The email contained a link which the individual could click on to see photos of them committing the offence, but when they clicked on the link it installed malware onto their computer, which could then access all their personal information.
How to protect yourself
To protect yourself, you should never click on external links which are included in emails, as most companies would not send these out to their customers, and you should only open attachments which come from a reliable source.
BBC1's Fake Britain's just warned of scammers pretending to be Martin Lewis, so how do you spot scams?
There's only one Martin Lewis - not a football chant - a warning. Fake Britain warned against scammers pretending to be Martin Lewis & MSE with false claims of tax rebates and energy deals. Remember they NEVER call or knock at your door. And this is just the tip of the iceberg. Our scam-spotting guide will help - here are 7 key tips...
1. Check if hackers have stolen your data. Find out if passwords, email addresses, your home address, phone numbers or your DOB have been exposed after the big hacks of the last few years (including the high profile LinkedIn warning). Hack check. If they have, change the password there (and anywhere else you use the same).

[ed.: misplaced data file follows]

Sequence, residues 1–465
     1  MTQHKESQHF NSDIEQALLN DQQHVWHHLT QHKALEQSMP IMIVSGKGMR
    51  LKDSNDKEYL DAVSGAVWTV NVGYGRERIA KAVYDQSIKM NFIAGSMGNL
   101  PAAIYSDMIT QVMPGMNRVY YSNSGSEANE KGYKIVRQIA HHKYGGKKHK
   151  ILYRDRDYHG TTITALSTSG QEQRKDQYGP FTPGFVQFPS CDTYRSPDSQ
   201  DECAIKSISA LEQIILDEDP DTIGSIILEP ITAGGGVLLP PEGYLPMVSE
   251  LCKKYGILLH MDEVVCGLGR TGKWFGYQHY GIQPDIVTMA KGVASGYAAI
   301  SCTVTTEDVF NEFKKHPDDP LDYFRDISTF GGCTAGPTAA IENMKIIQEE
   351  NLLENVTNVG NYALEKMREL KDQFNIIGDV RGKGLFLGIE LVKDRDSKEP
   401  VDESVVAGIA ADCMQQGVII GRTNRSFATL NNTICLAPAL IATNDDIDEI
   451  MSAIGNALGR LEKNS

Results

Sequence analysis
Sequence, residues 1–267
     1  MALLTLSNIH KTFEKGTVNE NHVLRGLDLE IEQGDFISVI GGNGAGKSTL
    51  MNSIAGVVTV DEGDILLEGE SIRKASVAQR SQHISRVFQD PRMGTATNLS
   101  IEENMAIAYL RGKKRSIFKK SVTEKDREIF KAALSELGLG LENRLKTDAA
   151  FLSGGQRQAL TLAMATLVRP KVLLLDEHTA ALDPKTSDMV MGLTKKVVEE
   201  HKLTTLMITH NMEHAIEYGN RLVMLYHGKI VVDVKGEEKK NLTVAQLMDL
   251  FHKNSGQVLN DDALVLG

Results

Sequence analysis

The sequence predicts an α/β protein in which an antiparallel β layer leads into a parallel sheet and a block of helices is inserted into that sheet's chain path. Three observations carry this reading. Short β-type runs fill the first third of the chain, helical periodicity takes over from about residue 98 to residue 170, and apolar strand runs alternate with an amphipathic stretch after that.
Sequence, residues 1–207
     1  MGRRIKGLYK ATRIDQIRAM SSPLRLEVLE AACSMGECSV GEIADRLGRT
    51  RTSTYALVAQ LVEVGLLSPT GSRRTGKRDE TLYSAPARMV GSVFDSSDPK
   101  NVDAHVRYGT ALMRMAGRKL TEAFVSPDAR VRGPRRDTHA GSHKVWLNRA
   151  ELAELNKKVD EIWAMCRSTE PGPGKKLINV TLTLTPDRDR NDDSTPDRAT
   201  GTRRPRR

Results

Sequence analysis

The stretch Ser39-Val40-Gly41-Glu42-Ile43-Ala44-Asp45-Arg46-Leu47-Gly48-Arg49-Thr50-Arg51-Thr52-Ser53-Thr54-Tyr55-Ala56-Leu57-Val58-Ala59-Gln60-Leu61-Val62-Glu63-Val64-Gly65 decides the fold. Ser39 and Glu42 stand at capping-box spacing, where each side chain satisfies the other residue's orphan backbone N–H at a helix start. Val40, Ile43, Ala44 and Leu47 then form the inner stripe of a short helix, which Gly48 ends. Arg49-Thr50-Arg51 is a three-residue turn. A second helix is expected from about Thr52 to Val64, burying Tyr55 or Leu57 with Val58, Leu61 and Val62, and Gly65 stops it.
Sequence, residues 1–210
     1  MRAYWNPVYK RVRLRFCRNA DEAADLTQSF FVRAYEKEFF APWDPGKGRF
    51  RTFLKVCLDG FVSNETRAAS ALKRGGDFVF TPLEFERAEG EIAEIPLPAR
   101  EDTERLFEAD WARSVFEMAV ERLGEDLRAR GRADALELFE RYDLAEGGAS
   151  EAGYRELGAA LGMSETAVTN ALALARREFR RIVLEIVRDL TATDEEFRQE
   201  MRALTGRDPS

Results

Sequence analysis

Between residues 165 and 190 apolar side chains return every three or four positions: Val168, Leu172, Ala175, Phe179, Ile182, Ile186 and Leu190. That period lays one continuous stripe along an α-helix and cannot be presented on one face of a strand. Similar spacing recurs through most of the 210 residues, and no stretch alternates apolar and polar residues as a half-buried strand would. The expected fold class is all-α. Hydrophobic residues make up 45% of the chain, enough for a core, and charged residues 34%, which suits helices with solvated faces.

2. Filter out fake deals in your Facebook feed. Our Deals team uncover many bogus offers popping up on Facebook feeds, eg, Lidl allegedly giving away £80 for its birthday and British Airways offering 100 free flights. They're a con: if something seems too good to be true, it probably is. Here's how to spot Facebook fakery.
3. Apple users' urgent fix to stop crooks hacking into your device. Apple's recently admitted its operating system had a vulnerability making it possible for fraudsters to hack into your iPad/iPhone, to expose personal data (including your financial details). Install its security fix.
4. Add a pin to your SIM, to prevent '£6,000 bills'. If your contract mobile phone's stolen, you'd be shocked how quickly big bills can be run up on it; we reported one victim having massive £6k bills run up.
5. Never give personal details if they call you... even after you've put the phone down. The new scam is 'vishing' (fishing for victims by voice) where callers claim to be from a bank, insurer, energy firm - even the police - and convince you to hand over personal or password details. Cunningly, they ask you to call them back, but they don't put the phone down, so you're still talking to them without realising. So it's always best to call from another phone and independently find the right number - don't rely on the one given. These scammers can be plausible.
6. Where does this www.bbc.co.uk link take you? Not all internet links are genuine - fraudsters exploit this a lot. To find where a link really goes, on a laptop or desktop, hover your mouse over it and read what it says at the bottom of the screen - though sometimes even that's foolable. Always look where you're clicking. (We bet you checked that time.)
7. Ensure you've got antivirus software - some of it is FREE. This is a simple but effective measure. See MSE free antivirus software guide.